NO ONE needs to be told that it’s been a difficult few years for small businesses seeking finance, and economic recovery has done little to change this picture. The Bank of England’s latest Trends in Lending report found that the annual rate of growth in the stock of lending to small to medium-sized enterprises (SMEs) was negative in the three months to February, albeit less so than in previous quarters.
This is partly because banks have retrenched since the financial crisis, and partly because of a longer-term shift in their models. High street banks simply don’t make money out of small business lending anymore, and they no longer have business bankers in all of their branches.
But there are some positive developments ahead. While traditional bank lending is unlikely to recover to its prior levels, several key changes are going to make it much easier for small businesses to access finance.
First is the British Business Bank referral scheme. This has yet to be rolled out, and much will depend on the quality of the platforms it selects, but the idea is that a company rejected for a loan by a bank will be referred to an alternative finance provider. The devil will be in the detail: what is a decline from a bank; when will a company go into this process? But the broad principle is good. Existing partnerships between banks and alternative finance providers, like Santander and Funding Circle, are just the tip of the iceberg.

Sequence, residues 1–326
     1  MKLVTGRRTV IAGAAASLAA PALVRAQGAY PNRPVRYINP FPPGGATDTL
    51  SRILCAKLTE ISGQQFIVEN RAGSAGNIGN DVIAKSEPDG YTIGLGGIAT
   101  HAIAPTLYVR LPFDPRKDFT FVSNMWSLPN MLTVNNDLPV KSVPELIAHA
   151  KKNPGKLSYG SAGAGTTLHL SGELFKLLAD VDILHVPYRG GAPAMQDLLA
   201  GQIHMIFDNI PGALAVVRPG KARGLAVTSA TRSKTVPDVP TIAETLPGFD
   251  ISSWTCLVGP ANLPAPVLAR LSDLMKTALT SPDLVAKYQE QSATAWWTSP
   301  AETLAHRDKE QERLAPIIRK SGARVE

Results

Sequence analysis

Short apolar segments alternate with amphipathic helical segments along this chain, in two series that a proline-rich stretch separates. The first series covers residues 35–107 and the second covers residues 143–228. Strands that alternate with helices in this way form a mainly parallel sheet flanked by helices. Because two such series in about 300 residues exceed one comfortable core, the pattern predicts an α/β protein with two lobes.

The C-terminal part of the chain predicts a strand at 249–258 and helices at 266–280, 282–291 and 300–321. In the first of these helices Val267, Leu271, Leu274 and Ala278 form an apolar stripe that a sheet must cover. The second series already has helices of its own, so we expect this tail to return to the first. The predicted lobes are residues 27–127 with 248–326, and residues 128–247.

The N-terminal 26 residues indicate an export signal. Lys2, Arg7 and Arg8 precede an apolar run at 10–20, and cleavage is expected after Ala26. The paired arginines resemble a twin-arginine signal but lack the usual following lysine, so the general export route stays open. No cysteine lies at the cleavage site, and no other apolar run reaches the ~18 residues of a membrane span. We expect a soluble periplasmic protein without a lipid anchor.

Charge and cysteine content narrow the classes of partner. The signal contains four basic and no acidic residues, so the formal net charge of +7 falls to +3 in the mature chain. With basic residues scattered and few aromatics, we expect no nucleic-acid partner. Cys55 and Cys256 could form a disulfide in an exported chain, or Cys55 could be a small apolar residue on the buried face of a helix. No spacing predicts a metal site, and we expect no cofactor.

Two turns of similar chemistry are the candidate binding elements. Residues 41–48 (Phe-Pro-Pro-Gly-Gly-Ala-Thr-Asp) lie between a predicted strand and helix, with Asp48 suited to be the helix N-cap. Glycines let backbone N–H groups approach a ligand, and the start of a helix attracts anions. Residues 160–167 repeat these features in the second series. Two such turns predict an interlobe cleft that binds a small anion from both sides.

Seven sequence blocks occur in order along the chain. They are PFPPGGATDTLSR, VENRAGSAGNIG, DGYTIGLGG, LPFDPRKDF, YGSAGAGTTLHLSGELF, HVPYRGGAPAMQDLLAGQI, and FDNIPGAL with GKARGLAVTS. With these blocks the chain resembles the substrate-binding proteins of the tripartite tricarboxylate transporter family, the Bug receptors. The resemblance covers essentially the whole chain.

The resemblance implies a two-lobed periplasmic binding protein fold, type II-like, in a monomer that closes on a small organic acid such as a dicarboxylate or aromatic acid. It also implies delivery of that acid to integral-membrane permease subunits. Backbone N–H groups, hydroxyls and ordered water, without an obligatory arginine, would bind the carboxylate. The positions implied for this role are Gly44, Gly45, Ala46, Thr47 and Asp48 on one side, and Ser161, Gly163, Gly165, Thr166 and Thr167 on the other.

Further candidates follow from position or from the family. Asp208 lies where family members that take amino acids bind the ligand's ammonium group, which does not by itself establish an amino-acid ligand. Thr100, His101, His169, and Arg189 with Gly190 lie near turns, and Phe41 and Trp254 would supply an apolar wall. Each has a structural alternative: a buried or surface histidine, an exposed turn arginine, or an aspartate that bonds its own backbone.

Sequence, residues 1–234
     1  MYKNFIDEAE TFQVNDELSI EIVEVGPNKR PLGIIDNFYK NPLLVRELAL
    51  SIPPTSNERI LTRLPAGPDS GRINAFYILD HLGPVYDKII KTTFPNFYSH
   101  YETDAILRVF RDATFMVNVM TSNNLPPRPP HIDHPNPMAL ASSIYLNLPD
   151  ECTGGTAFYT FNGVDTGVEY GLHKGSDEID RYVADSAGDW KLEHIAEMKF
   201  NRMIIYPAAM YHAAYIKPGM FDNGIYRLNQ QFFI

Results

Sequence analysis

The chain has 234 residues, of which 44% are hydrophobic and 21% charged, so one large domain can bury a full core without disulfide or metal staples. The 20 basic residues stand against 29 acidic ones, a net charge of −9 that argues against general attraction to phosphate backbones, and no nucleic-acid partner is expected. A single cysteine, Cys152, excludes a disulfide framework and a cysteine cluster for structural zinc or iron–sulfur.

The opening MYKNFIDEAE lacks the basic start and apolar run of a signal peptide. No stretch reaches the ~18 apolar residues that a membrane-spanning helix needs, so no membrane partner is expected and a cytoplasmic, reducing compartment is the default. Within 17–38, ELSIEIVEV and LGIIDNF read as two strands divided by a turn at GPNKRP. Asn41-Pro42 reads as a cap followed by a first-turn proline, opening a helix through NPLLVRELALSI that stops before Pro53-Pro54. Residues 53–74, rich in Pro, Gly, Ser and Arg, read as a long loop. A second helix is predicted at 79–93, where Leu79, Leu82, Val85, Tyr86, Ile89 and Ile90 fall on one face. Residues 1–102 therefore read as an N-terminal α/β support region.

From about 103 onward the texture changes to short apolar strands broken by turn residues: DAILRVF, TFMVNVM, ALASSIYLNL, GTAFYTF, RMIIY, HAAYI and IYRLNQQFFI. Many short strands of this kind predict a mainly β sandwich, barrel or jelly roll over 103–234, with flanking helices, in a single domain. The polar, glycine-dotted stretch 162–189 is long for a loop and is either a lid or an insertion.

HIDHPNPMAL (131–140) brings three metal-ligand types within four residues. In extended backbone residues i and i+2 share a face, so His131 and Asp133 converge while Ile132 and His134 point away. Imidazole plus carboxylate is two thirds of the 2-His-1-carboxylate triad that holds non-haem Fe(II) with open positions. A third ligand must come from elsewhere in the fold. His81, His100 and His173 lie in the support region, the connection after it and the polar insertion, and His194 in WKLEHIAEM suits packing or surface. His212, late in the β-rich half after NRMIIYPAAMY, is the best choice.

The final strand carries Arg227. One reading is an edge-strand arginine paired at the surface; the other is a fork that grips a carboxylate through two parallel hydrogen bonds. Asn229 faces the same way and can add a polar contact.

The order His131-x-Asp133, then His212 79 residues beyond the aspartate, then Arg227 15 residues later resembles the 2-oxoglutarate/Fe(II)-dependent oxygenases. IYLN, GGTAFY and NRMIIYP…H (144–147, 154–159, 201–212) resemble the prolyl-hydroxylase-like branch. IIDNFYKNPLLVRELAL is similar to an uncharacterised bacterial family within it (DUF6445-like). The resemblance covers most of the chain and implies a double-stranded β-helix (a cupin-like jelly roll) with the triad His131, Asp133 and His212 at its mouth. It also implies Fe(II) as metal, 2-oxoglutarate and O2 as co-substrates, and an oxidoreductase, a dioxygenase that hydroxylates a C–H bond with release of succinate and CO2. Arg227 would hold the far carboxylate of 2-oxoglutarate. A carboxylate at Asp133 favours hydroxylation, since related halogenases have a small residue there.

Second, and as part of this scheme, we could also see an agreement on the sharing of data. Currently, if a provider is looking at a company to assess whether it’s worth the risk of finance, it will have to go to Companies House to get filed information – and this can be up to 18 months old. Any agreement on the sharing of business current account data could noticeably improve lending decisions by all providers, and make access to finance that bit easier.
Third, there is much more to come from fintech companies. Peer-to-peer lending and crowdfunding are interesting new models. But the really exciting potential development is a portal that could be the Comparethemarket.com for the corporate sector. Twenty years ago, if you wanted car insurance, you walked down the high street to your local broker. Today, consumers are comfortable selecting from a suite of options from a range of companies online. If this could be replicated for small business funding, we could see companies access the finance that is most appropriate to their needs and from the right provider – not simply assuming that their bank should be their first and last port of call.
There is a risk, however. Given that small businesses will be using so many different funding sources in the future, personal finance education will be more important than ever. As we saw during the financial crisis, too many people use inappropriate financial products. The problem is that we don’t teach young people about credit cards, mortgages, or the various types of business finance on offer. I would like to see a GCSE or A-Level for the subject, so that everyone is able to make informed choices about how they manage their money and understand the key principles of managing business finance.
Mike Francis is head of asset finance at Investec.